DOHA (Reuters) - Officials from the Gulf Arab states boycotting Qatar did not turn up to the draw for a Middle East soccer tournament in Doha on Monday and want to postpone the competition that could be an early test for the 2022 World Cup hosts.
Requests by the United Arab Emirates (UAE) and Bahrain to delay December’s Gulf Nations Cup had been rejected, however, the Arab Gulf Cup Football Federation (AGCFF) said.
“The tournament is going ahead on time,” AGCFF General Secretary Jassim al-Rumaithi told reporters after the draw.
Saudi, Emirati and Bahraini officials did not attend the draw. The other nations scheduled to play in the tournament are Iraq, Oman, Yemen and Qatar. Kuwait, who have featured in past competitions, can play only if a suspension by FIFA is lifted in time.
In June, Saudi Arabia, the UAE, Bahrain and other Arab states cut political and economic ties with Qatar over accusations that Qatar supports terrorism — a charge Doha denies.
Al-Rumaithi said Saudi Arabia, the UAE, and Bahraini had not confirmed their participation in the tournament, and that the competition needed at least five teams under the current format.
Hamid al-Shaibani, chairman of the competitions committee, said teams that chose not to compete could face financial sanctions.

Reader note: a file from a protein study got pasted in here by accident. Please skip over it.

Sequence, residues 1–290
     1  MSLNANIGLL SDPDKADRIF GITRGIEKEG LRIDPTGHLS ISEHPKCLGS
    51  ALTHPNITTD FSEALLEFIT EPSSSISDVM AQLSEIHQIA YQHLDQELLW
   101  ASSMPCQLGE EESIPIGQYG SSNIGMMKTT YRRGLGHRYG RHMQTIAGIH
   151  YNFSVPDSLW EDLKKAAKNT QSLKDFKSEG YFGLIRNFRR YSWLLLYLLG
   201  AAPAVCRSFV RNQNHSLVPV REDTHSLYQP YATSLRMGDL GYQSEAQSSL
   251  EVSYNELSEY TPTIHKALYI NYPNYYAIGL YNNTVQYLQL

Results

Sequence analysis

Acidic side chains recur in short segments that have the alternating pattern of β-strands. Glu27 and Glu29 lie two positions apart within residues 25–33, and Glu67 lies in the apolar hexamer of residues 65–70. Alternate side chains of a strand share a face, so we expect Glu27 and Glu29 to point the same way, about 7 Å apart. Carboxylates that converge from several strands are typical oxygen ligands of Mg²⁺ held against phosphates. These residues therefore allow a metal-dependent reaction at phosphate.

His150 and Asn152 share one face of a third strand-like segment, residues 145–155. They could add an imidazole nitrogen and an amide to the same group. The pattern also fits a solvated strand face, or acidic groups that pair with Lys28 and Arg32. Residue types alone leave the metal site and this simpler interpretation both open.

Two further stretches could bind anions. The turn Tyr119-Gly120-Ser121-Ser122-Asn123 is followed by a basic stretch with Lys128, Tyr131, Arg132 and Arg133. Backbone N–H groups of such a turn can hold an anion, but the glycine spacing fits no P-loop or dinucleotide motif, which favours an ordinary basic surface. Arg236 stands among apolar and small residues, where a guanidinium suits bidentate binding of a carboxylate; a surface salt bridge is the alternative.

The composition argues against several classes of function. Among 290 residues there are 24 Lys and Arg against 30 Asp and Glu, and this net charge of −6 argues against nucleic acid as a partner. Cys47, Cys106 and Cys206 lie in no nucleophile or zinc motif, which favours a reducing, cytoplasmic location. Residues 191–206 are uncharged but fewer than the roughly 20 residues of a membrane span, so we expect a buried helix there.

The Gulf Nations Cup is being held in Qatar as the state spends billions of dollars on preparations to host the 2022 World Cup, and also as Saudi Arabia get ready to compete in the 2018 World Cup in Russia.
Qatar, Bahrain, Iraq and Yemen have been drawn in Group A, with Saudi Arabia, Oman and the UAE in Group B. Kuwait will join Group B if their FIFA suspension is lifted.
FIFA banned Kuwait’s national soccer federation last year over alleged government interference in the running of the body.
Oman Football Association general secretary Said Othman al-Bulushi said that delaying the Gulf Nations Cup would be damaging for regional football.
“It will be a negative for the sport in the Gulf countries but we hope that the three countries, Saudi Arabia, UAE and Bahrain, will be participating, inshallah (God willing),” he told Reuters.
In June, FIFA said a Qatari referee had been removed from officiating a 2018 World Cup qualifying match between the UAE and Thailand “for sporting reasons and in view of the current geopolitical situation”.
Editing by Clare Fallon